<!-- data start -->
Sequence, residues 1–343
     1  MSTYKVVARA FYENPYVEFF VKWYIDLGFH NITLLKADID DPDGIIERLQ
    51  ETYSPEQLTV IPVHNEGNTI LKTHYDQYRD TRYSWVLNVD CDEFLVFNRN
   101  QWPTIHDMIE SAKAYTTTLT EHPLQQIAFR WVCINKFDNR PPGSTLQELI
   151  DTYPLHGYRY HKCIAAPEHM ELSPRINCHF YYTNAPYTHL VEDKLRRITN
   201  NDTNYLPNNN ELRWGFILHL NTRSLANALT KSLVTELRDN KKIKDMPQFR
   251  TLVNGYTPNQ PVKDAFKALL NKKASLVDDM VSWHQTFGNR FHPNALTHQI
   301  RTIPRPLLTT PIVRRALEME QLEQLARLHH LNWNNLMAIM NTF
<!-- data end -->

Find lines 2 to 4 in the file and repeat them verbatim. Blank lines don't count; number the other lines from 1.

     1  MSTYKVVARA FYENPYVEFF VKWYIDLGFH NITLLKADID DPDGIIERLQ
    51  ETYSPEQLTV IPVHNEGNTI LKTHYDQYRD TRYSWVLNVD CDEFLVFNRN
   101  QWPTIHDMIE SAKAYTTTLT EHPLQQIAFR WVCINKFDNR PPGSTLQELI